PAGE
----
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Genesis of High Finance

The story of the Medici Bank of 14th and 15th century Florence is the story of how one family used finance to control a government. In the priority that the Medicis gave to financial deals can be found the seeds of the forces of global finance that today wield so much influence on the politics and economics of nation states.

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Genesis of High Finance

Case of Medici Bank

The story of the Medici Bank of 14th and 15th century Florence is the story of how one family used finance to control a government. In the priority that the Medicis gave to financial deals can be found the seeds of the forces of global finance that today wield so much influence on the politics and economics of nation states.


olitics, Renaissance and Banking, the link that immediately comes to mind is that of the legendary Medicis. A phenomenal family, producing not only daring and unconventional money managers, but crafty politicians, avid patrons of art and architecture, two famously important popes and two highly controversial queens of France. From the early 15th century to the early 18th century, the Medicis dominated the Tuscan stage, first within a quasi-democratic system and then through dynastic inheritance. The source of all their great wealth and power was in a bank.

Tim Parks is a novelist of repute. With his fine literary sensibilities, he gives us in Medici Money Banking, Metaphysics and Art in Fifteenth Century Florence a fascinating insight into the character and interests of the dramatis personae of the house of Medici who were associated with the rise and fall of Medici Bank in the 15th century. Parks has drawn primarily from Machiavelli’s Florentine Histories, the various historical accounts of Francesco Guicciardini (both of which were written in the 16th century), Raymond Roover’s voluminous history of the Medici Bank and the scholarly study by J R Hale on the Medici family. He has been careful in not allowing the seductive Medici myth to corrupt the integrity of the facts. His brisk and witty style makes the book a delight to read, vividly evoking the richness of the Florentine renaissance and the glittering circle around the Medicis – replete with artists, popes and kings.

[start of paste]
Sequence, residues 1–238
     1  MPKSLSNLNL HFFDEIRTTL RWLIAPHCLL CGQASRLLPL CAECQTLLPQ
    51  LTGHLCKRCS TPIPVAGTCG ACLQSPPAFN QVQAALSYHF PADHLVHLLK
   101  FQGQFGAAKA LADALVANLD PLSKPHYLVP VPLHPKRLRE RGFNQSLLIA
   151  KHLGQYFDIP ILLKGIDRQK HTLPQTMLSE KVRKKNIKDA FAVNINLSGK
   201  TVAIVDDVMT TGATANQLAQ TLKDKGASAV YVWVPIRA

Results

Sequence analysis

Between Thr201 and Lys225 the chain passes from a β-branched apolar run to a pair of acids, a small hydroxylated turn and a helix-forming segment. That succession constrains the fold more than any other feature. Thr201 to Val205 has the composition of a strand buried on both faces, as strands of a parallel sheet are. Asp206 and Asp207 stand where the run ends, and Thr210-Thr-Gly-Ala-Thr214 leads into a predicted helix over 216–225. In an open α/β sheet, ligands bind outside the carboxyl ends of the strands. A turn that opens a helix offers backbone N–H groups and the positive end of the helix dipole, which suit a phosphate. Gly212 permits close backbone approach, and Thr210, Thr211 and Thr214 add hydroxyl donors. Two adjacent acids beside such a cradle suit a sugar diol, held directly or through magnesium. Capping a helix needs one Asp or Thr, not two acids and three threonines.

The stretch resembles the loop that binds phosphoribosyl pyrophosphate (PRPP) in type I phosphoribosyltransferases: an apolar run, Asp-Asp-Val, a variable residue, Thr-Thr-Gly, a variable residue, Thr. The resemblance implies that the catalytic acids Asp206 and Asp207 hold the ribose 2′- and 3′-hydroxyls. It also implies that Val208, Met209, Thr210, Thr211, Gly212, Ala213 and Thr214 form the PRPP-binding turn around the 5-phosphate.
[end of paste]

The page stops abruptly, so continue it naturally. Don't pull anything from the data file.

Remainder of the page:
The perspective in which Parks has placed the story makes it topical. It is, as he says, “about the way…it informs our continuing suspicions with regard to international finance and its dealing with religion and politics”. Against the background of the large historical canvas, where the cultural efflorescence of therenaissance and the metaphysical issues of banking receive prime coverage, the economic and political forces that were shaping the bank and the outlook of the Medicis get somewhat buried. For an understanding and clarity of this perspective, it is necessary to disentangle the conjuncture of circumstances, economic and political, within which the Medici bank originated and evolved.

Origin and Evolution

During the 12th and through the 14th centuries, Italian banking reached a high level of institutional development. Florentine merchants had been actively participating in the champagne fairs, servicing an extensive trading network, extending from north-west Europe to the Levant and specialising in the critical functions of currency exchange and money transfer. When Giovanni di Bicci founded the bank in 1393, Florentine polity and economy was in deep turmoil. The great crash of the two leading commercial and banking families of Florence, Bardi and Peruzzi had been triggered by the default in 1339 by Edward III, king of England, on a massive loan amounting to 1.3 million gold florins. Some estimate the obligation to have been larger than the value of all Florentine cloth production in 1338. The default and the resultant collapse of the two banks had jeopardised the lifeline of Florence – business and commerce. The Florentine republic was being buffeted on the one hand by the revolt of the workers whose livelihood was affected by the continued plummeting of cloth production and an intensification of feuds among the different factions of the city’s ruling groups. Added to it were the internecine wars among the ruling princes surrounding Florence. The extent of commercialisation of warfare, continuous readjustment of territorial boundaries and involvement of ruling oligarchies in state politics, provided a fertile field for owners of mobile capital to flourish and rise to prominence. Giovanni realised that the fatal weakness of the oligarchic rule in Florence was the disjunction between political power and wealth. With well considered and farsighted moves, he succeeded in having the two converge within his family.